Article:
* Alaska: "President Obama on Wednesday will pledge to step up government aid for Arctic communities whose shorelines and infrastructure are crumbling as warming seas melt their foundations, intensifying his administration's effort to cope with the effects of climate change where they are being felt most acutely."
* The administration is likely to prevail, but Kerry isn't taking any chances: "Secretary of State John Kerry on Wednesday once again laid out the Obama administration's case for its recently concluded agreement to limit Iran's nuclear program, less than an hour after it became clear that the deal will survive congressional review later this month."
* Texas: "It says it can make voting as difficult as it wants to, and any law that says otherwise is unconstitutional."
Sen. Barbara Mikulski, D-Md., speaks with reporters following the Senate Democrats' policy lunch on April 1, 2014. (Photo by Bill Clark/CQ Roll Call/Getty)

Iran deal crosses key threshold, poised for historic victory

09/02/15 12:41PM

Even before the international nuclear agreement with Iran was announced, Republicans expressed optimism about derailing the policy. Indeed, some seemed to think it'd be easy.
To pass a bill killing the diplomatic solution, Republicans would need only six Senate Democrats and zero House Democrats. President Obama would obviously veto the legislation, but GOP leaders believed it was entirely possible to pick up the 13 Senate Dems and 44 House Dems needed to override. Indeed, Congress' August recess offered a perfect opportunity -- opponents of the agreement would mount an intense pressure campaign while spending millions to shift the national debate.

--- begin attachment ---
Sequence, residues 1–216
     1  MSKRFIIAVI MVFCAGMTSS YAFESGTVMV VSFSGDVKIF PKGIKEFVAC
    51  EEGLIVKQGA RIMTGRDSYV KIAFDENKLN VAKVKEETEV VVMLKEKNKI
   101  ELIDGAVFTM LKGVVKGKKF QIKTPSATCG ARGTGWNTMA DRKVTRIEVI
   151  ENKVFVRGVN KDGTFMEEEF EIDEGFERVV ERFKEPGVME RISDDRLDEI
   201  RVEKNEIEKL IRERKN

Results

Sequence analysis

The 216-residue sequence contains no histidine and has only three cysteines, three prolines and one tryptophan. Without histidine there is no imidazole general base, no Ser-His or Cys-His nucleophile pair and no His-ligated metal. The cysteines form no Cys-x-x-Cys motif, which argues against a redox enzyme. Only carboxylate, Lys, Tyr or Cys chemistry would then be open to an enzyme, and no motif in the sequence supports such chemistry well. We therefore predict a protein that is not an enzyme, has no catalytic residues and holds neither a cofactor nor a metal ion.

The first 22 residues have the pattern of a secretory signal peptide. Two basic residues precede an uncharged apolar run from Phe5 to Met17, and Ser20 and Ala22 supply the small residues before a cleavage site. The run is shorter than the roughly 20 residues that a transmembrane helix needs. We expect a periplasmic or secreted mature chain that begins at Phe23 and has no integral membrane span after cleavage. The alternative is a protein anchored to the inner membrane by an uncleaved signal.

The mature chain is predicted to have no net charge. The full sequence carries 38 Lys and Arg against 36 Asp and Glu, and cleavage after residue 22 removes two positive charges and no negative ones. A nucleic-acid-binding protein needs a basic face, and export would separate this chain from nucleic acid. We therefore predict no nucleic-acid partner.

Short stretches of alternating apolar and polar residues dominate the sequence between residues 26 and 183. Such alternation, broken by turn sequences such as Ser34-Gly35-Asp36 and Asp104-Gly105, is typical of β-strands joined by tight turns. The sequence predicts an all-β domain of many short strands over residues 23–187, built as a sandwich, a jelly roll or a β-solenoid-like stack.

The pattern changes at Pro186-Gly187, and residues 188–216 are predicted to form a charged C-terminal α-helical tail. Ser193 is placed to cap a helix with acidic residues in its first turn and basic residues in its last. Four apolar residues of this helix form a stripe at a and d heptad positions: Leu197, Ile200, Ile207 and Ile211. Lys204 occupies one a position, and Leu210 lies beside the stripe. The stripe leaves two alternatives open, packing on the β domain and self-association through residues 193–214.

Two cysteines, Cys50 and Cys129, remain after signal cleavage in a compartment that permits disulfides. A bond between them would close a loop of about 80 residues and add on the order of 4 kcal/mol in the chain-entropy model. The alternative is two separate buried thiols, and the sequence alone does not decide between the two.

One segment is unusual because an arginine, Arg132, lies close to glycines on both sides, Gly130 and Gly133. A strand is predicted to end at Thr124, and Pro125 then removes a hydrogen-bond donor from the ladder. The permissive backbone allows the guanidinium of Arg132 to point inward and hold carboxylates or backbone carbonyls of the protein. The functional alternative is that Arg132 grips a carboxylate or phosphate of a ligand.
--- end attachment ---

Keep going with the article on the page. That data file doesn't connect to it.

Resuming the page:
Just so long as 34 Senate Democrat didn't endorse the policy, the right had reason to hope. This morning, the 34th Senate Democrat endorsed the policy.
President Barack Obama has secured the support of 34 Senate Democrats for the nuclear deal with Iran, ensuring sufficient backing to sustain his veto of any legislation aimed at derailing the agreement.
Sen. Barbara Mikulski of Maryland on Wednesday became the 34th Senate lawmaker to announce that she's supporting the deal negotiated with Iran and world powers earlier this year.
In a statement, the progressive Maryland senator, who's retiring at the end of her term, said, "No deal is perfect, especially one negotiated with the Iranian regime. I have concluded that this Joint Comprehensive Plan of Action is the best option available to block Iran from having a nuclear bomb."
There are still 10 Senate Dems who have not yet taken a position, but even if each of them side with Republicans -- an unlikely scenario -- the right will simply not have the votes to derail the diplomatic agreement.
Indeed, if 7 of those 10 Senate Democrats endorse the Iran deal, then the search for a veto-proof majority becomes a moot point -- the bill won't even have the support needed to clear the Senate and reach the Oval Office.